OUR decision to take a motorbike trip around the northeast of Thailand I’m pretty sure coincided with the end of the Thai drought.
I came to this conclusion when we reached the most north eastern point of the Nong Khai district, where we stood gazing out across the mighty Mekong River, and realised everything we owned was wet. And if it wasn’t wet, it was damp. And if it wasn’t damp, it smelt so bad that I promised I’d burn it upon our return to Bangkok so the stench would never be sniffed again. For the good of mankind, I tell you!
By that stage, however, standing on the riverbank, ringing out our jackets and pouring water from our bags, our soggy status didn’t bother us at all. We’d already settled into the trip and were totally in the zone.
The start of our journey hadn’t been easy. Getting used to the finer nuances of our motorcycles had taken longer than expected and, because we hadn’t packed well, reaching those essential items buried deep at the bottom of our paniers (saddle bags) proved frustrating.
The routes we had chosen to kick start our trip also appeared long and dull – monotonous stretches of tarmac with little in the way of scenery – but, after a couple of days of riding, with bags rearranged and the Bangkok streets well and truly behind us, we found ourselves totally in the groove – at one with our machines, able to read every subtle sound, relishing our surroundings, and, most importantly, able to whip out the cash needed to pay for fuel at a petrol station without even needing to remove our gloves.
Every road soon felt like a dream come true. Even the blazing sun and occasional downpours couldn’t burn or dampen our enthusiasm for the journey – although we did learn the hard way that if there is any sign of drizzle you should stop and get fully geared up with waterproofs. Oh well.
Well, motorbiking in Thailand has a huge number of benefits. Riding affords you the flexibility to see many parts of the country on your own terms without the need to wait in line for dangerous minibuses or tag along with a tour group. Also, fuel is incredibly cheap (especially compared to Western Europe), and riding into a village on the back of a bike is a great ice-breaker for chatting to friendly locals about where you’ve come from and where you’re heading next.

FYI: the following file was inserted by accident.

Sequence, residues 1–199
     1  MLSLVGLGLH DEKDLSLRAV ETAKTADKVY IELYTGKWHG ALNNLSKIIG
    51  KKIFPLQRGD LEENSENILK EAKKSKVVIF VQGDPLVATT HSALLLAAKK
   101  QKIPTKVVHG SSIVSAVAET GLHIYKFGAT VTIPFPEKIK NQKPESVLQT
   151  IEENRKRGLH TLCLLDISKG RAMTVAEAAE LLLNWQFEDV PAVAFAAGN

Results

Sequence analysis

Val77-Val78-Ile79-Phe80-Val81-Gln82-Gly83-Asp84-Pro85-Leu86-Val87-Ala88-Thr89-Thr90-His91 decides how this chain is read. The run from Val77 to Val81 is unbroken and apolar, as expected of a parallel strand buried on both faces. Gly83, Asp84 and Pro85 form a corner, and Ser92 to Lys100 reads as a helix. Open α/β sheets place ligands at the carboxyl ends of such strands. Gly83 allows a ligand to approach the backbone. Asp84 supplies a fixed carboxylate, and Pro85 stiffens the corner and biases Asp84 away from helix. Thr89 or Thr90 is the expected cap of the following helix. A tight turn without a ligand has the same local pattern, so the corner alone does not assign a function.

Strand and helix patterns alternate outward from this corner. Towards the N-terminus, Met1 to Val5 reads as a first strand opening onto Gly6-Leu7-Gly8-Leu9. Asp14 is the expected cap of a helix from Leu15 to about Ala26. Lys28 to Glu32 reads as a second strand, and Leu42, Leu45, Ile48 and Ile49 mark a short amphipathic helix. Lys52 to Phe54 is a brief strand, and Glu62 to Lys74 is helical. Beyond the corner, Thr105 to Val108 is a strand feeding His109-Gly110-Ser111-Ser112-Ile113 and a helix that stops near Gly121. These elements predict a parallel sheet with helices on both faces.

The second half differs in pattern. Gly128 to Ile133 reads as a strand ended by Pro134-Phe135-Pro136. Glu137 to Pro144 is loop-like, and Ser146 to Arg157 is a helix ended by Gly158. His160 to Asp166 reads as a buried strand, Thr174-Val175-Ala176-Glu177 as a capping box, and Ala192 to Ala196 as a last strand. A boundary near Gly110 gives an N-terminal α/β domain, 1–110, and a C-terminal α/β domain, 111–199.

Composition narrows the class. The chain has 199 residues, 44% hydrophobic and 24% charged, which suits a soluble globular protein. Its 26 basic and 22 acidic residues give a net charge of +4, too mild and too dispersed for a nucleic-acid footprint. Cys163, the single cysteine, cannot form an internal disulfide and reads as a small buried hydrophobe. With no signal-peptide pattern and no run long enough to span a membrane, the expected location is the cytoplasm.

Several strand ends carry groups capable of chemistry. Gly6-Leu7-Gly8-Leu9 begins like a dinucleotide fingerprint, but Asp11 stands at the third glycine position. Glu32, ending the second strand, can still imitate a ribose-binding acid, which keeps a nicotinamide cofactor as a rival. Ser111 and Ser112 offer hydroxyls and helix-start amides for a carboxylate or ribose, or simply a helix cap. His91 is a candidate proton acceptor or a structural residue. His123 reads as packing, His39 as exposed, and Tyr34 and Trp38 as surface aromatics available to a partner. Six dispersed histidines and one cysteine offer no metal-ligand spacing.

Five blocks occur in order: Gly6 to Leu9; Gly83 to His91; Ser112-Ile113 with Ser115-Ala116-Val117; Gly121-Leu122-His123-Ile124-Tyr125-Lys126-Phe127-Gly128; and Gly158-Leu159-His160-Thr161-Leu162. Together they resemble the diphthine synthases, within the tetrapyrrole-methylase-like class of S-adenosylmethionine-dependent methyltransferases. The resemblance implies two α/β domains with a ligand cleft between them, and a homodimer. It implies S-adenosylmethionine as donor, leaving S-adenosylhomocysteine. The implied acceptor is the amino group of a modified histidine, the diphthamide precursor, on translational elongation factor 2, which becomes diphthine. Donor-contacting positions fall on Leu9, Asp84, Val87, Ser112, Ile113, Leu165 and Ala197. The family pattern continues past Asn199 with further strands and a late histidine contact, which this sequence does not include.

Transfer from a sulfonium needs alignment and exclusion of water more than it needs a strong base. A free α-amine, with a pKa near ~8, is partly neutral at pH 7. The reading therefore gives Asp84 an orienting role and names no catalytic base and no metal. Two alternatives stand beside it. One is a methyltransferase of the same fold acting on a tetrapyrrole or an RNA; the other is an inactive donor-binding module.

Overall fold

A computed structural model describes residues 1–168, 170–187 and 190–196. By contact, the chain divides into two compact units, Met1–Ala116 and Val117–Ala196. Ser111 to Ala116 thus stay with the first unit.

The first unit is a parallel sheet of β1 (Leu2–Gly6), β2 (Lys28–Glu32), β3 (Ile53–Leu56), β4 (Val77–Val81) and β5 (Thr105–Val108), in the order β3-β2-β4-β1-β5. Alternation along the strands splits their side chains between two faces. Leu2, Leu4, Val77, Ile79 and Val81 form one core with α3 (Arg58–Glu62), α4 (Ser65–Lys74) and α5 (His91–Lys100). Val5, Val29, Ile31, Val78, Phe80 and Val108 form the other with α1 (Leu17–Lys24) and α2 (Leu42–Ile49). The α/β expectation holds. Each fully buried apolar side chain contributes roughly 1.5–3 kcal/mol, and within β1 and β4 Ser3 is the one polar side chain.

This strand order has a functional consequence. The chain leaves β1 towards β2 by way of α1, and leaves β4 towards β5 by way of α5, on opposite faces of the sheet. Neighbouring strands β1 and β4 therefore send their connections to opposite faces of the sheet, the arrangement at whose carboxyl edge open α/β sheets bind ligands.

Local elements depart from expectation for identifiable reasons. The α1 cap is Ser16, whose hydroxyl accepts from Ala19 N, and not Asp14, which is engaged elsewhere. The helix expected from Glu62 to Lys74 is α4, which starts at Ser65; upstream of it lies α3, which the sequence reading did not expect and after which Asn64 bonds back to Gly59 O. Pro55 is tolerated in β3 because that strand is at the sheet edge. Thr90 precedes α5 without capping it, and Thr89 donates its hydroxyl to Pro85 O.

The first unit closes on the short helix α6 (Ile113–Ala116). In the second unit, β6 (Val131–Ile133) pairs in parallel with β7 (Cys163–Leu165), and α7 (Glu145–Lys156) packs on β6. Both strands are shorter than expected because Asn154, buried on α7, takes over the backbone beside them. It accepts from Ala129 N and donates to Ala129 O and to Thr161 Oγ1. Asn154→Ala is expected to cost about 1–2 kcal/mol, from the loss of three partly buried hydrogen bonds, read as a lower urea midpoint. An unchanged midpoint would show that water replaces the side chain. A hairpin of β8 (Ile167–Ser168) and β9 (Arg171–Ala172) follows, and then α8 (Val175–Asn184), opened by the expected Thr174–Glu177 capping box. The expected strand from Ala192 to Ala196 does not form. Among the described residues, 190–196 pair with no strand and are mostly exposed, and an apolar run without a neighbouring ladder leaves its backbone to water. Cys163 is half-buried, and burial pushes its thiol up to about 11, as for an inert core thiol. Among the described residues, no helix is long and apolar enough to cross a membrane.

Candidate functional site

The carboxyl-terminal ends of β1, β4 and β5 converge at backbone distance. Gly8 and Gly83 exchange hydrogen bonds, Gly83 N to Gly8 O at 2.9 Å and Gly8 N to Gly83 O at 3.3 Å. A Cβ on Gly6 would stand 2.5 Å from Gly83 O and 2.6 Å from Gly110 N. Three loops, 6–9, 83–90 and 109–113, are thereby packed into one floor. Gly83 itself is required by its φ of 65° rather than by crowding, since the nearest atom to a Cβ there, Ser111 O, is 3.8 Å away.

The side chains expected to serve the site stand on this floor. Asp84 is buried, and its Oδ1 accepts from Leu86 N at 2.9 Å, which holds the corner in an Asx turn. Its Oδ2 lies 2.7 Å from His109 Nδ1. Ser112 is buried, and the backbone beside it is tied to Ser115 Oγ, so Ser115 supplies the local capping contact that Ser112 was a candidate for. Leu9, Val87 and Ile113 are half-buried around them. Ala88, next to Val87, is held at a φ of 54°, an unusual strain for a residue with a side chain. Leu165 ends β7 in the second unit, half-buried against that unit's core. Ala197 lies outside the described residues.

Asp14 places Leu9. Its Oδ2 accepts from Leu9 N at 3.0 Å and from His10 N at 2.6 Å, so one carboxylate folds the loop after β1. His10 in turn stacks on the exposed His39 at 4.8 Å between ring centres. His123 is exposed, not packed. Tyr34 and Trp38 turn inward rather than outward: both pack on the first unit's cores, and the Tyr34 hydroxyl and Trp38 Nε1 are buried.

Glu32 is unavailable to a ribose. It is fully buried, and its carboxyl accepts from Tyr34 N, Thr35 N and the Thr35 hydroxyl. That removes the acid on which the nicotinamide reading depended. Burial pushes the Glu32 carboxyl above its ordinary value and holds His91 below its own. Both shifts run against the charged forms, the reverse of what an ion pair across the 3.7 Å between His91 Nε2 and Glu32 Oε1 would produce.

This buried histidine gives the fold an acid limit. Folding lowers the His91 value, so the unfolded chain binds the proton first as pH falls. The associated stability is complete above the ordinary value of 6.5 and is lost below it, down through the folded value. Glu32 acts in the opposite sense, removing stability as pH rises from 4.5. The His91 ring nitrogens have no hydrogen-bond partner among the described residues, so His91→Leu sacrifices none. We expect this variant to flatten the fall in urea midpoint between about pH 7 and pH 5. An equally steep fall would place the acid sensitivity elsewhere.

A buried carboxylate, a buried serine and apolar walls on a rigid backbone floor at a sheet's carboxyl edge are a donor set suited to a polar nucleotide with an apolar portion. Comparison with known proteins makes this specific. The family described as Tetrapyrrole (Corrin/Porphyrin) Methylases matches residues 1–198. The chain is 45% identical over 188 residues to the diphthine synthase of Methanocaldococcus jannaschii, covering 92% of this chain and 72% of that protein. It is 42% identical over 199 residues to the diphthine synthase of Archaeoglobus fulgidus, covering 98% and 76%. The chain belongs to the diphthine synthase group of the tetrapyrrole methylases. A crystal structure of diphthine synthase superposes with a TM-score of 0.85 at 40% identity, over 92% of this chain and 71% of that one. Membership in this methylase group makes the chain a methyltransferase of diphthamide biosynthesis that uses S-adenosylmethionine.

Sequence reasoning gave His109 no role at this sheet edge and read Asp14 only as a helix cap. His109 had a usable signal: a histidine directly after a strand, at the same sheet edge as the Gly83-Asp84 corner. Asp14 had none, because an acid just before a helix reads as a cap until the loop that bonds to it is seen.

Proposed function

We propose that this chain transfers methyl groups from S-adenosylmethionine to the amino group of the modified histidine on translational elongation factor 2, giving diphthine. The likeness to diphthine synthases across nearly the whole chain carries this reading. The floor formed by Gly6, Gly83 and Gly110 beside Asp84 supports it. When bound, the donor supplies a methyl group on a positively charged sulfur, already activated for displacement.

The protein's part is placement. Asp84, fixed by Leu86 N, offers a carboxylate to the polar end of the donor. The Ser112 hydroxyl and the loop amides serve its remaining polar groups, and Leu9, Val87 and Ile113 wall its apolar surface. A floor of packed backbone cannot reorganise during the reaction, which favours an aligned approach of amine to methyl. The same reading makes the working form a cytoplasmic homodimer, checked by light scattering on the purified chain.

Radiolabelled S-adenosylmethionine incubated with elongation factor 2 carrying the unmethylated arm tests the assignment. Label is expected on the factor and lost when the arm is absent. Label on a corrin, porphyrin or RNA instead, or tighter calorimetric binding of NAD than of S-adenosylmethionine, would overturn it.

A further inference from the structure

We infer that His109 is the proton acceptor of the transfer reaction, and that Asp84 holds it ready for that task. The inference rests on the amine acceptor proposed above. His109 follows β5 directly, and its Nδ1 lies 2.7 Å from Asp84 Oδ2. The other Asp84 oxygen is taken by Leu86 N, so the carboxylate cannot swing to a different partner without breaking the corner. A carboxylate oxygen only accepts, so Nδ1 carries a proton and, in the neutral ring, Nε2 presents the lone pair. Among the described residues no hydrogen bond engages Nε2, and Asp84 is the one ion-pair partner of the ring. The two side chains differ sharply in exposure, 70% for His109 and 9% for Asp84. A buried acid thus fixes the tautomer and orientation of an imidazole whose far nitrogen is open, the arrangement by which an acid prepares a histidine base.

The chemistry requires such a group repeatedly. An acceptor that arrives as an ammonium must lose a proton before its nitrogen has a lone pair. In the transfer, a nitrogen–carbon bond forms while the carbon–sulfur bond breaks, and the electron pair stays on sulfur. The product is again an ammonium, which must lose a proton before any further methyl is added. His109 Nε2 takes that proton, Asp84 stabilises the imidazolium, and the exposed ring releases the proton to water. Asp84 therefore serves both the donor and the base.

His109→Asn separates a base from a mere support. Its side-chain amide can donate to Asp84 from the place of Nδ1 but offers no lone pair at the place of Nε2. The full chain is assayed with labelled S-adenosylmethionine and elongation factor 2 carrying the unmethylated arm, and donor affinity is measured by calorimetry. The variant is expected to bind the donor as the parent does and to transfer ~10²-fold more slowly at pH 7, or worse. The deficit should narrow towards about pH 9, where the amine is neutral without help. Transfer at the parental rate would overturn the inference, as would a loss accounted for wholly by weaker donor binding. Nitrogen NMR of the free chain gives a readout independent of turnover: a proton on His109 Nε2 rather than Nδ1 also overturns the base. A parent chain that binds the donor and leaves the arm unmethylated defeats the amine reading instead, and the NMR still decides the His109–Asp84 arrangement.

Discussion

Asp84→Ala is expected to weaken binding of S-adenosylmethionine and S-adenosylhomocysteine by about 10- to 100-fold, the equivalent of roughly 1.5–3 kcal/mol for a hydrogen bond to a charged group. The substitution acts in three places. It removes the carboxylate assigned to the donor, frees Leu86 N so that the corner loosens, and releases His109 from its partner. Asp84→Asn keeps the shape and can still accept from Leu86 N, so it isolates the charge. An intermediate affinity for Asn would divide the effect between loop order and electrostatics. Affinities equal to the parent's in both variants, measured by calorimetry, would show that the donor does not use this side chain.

It can at times be hard – especially in torrential rain – but the great experiences and sense of freedom more than make up for the difficult sections. And without the challenge the good parts wouldn’t taste so sweet.
Our chosen route took us north out of Bangkok to Nakhon Sawan, and then northeast via beautiful winding roads through national parks to Udon Thani. We then ventured to Nong Khai (on the border with Laos) and followed the Mekong all the way around the north eastern edge of the Isaan region of Thailand. This latter section of the trip was a blast, taking in wildlife sanctuaries, more national parks, Mukdahan city (home of the Second Thai-Lao Friendship Bridge), and a rain-forced stop off in a weird ‘short time’ hotel (think complimentary condoms, dimmer switch, and a giant mirror next to our beds. And no, we didn’t partake). Our last port of call was Ubon Rachatani, where we boarded our bikes onto the train for a 15 hour overnight trip back to Bangkok. All this in eight days. And with a shed ton of rain.
For the trip Simon had chosen the naked, sporty and (I’ll admit) slightly better looking Honda CB500F, whilst I went for the similar CB500X. A little more expensive than Simon’s bike, this model has a higher ride position and a larger fuel tank, making it more suited for adventure travel.